We lost great men in the 1960s
Now that the 50th anniversary of the assassination of President John F. Kennedy has passed, and we have taken some time to reflect, it seems fair to wonder what it is we lost on that terrible day in Dallas.
Was JFK a great president? His time in office was relatively short, so it’s somewhat difficult to say. He did have two signature moments:
1. His important and nation-changing speech on civil rights, a speech that told a large segment of the country that “all men are created equal” meant just that. It did not mean “white men,” it meant what it said: All men. Yes, it was, he said in essence, a truth we hold to be self-evident.
2. His handling of the Cuban missile crisis. To some extent, now, that is merely a historical footnote because nothing really happened and only one man, a U2 pilot, died. In comparison to our current crises – Iraq and Afghanistan – it was a blip. But for those of us old enough to have lived through it, those 13 days in October were a frightening time, a desperate time. JFK held the nation together, he and his brother, Robert Kennedy, kept the war hawks of the Joint Chiefs of Staff from bombing or invading Cuba. They probably kept us from a serious, perhaps devastating, shooting war with the Soviet Union. In the end, Kruschev backed down thanks to the courage shown by President Kennedy, his brother and their staff.
Those were great moments and we should be thankful for them and for the man who gave them to us.
But do they equal greatness on the scale of, say, Washington and Lincoln? For that matter, was Washington a great president? Certainly he was a great Revolutionary War general but as president?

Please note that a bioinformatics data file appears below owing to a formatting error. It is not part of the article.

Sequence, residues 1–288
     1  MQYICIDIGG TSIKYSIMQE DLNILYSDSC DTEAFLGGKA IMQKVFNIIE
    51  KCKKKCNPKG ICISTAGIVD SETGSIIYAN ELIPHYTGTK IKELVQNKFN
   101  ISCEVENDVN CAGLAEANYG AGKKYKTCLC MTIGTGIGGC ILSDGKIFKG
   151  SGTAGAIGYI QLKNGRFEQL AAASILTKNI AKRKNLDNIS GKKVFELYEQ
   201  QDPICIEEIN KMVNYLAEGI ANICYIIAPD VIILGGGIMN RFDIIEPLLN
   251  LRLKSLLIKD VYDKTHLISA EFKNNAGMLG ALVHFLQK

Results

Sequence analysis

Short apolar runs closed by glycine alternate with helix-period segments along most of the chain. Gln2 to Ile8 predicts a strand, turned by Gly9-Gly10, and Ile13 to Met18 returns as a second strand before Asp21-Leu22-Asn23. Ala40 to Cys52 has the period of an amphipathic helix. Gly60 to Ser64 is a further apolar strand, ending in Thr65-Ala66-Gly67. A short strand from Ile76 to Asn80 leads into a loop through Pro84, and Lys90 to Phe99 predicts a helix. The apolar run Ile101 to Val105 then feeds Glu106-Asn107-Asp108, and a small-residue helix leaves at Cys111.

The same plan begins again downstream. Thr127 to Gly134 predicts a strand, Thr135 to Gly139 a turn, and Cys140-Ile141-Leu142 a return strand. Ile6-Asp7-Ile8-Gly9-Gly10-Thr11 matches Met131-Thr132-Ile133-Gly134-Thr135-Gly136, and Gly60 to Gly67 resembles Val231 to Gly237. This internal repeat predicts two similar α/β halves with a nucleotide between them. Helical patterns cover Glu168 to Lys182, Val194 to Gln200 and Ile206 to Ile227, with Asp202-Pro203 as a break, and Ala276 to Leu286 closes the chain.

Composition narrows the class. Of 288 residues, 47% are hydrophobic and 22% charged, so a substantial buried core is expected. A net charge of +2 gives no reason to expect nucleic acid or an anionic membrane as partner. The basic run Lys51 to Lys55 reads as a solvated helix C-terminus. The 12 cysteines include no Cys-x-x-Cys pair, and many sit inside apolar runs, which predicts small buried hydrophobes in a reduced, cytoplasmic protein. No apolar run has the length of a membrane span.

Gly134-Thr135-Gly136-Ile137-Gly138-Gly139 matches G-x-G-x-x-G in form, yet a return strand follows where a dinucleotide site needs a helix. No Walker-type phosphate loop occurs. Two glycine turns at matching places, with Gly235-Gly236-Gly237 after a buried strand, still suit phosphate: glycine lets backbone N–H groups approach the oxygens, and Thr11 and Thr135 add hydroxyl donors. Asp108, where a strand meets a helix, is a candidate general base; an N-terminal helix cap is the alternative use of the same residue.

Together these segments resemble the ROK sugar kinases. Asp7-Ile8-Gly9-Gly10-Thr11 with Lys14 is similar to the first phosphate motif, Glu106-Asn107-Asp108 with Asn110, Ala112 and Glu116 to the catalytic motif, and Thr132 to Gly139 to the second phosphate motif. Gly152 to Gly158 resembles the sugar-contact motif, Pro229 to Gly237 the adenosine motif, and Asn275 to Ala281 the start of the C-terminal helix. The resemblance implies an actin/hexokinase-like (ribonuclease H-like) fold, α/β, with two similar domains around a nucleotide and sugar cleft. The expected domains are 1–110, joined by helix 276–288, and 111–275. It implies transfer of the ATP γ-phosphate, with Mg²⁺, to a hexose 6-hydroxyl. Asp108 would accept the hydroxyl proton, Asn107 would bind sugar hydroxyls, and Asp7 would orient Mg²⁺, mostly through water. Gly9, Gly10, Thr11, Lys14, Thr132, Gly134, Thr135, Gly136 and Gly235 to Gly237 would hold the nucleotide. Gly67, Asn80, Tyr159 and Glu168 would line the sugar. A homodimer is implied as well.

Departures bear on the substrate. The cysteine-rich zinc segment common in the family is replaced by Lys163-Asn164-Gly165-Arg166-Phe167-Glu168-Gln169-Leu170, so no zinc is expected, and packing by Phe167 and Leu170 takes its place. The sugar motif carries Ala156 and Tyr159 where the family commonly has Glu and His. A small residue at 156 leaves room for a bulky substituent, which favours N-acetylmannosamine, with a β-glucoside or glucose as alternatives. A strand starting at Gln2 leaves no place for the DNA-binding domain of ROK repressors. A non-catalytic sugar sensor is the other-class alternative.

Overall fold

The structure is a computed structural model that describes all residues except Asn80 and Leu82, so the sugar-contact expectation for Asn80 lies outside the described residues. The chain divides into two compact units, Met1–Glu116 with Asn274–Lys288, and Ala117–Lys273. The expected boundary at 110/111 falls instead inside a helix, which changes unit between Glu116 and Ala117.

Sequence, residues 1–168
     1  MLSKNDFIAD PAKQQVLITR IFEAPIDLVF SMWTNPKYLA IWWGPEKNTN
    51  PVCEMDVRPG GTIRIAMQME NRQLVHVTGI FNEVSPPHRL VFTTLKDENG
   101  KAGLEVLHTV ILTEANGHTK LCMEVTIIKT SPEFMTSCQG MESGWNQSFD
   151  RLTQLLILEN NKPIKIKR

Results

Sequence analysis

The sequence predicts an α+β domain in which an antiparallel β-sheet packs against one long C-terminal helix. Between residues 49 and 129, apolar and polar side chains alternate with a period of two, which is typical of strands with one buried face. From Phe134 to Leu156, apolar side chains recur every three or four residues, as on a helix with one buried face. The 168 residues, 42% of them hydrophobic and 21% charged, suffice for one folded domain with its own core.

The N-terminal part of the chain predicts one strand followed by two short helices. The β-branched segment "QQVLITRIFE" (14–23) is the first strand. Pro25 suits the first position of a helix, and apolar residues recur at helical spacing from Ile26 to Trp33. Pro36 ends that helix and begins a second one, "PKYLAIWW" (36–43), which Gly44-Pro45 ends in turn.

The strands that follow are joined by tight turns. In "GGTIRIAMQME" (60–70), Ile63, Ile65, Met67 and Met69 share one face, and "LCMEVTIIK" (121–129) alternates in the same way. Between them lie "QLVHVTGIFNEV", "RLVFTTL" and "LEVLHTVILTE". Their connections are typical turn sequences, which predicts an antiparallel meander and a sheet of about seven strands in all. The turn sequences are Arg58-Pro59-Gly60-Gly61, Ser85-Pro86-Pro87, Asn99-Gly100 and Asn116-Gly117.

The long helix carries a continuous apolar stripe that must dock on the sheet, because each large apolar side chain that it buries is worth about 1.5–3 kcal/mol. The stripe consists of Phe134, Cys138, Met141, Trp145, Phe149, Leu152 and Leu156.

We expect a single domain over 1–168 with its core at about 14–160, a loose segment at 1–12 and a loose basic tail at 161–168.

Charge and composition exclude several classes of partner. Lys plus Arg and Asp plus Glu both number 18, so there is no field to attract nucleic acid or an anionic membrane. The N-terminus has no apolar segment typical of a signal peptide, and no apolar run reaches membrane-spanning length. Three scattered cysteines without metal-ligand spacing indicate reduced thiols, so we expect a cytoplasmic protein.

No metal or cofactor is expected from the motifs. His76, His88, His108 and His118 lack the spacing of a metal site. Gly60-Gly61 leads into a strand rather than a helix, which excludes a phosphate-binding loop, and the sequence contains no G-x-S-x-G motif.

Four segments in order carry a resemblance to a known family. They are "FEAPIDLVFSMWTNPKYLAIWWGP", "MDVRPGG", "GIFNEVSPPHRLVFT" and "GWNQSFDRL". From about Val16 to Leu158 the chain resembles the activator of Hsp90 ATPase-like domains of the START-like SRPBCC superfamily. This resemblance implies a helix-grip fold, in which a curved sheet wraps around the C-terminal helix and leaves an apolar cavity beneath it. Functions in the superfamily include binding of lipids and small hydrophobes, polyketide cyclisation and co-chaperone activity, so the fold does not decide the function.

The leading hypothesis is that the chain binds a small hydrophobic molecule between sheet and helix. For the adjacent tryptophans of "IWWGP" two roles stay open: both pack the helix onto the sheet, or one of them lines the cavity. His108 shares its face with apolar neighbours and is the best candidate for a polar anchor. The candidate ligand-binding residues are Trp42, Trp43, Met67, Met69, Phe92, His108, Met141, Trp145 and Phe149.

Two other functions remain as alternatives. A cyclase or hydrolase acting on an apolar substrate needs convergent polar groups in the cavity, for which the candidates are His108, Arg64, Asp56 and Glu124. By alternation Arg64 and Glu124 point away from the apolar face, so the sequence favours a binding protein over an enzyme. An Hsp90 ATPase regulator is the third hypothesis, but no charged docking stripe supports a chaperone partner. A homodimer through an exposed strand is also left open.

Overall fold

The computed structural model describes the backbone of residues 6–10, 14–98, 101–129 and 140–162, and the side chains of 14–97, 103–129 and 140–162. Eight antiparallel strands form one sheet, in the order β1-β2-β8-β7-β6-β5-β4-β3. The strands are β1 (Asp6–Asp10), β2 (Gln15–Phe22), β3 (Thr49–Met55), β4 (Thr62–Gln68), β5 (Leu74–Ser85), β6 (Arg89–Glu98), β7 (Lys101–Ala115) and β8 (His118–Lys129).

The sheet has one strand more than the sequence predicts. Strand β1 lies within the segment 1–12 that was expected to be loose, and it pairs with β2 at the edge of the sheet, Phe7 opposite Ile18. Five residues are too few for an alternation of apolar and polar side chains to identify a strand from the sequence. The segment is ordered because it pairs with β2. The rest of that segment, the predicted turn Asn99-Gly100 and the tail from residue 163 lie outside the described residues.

Lincoln, though, most certainly was. He, like JFK, eventually took the phrase “all men are created equal” seriously, although initially he was not exactly a civil rights maven. But he guided us through the most bloody war in our history and had he lived, probably would have healed the wounds caused by that war in a way that would have welcomed the Southern states back into the fold, not ostracized them as the administration of the weak-willed Andrew Johnson did.
Of course that’s speculation, which is all we can do vis a vis Lincoln and JFK. Would President Kennedy even have won a second term? Against Barry Goldwater, probably, but had he lived, the dynamic of the Republican Party might have changed. Kennedy might have faced Nelson Rockefeller, a moderate Republican who got into the race for the GOP nomination late. Against Rockefeller, who can predict what might have happened?
And what would JFK have done with a second term? Certainly pushed through the Civil Rights Act, as Lyndon Johnson famously did, but other than that?
We need to remember, though, that JFK’s death wasn’t the only horrific murder of that period and it’s possible that two other deaths – of Bobby Kennedy and Martin Luther King – had a greater effect upon the future of the nation.
Bobby Kennedy was a true believer, a man who didn’t need to be convinced that all men were created equal. He knew it.
And King? He was a great man, a great leader, one who would put to shame the so-called leaders of today’s black community.
Imagine, if you will, the administration of a Robert F. Kennedy with Martin Luther King as either official or unofficial advisor. Impossible to know for sure, but certainly worth the speculation.
We lost great men in the 1960s, men who gave us more than just things that were real. We lost men who inspired us.
And when was the last time we were truly inspired to something other than self?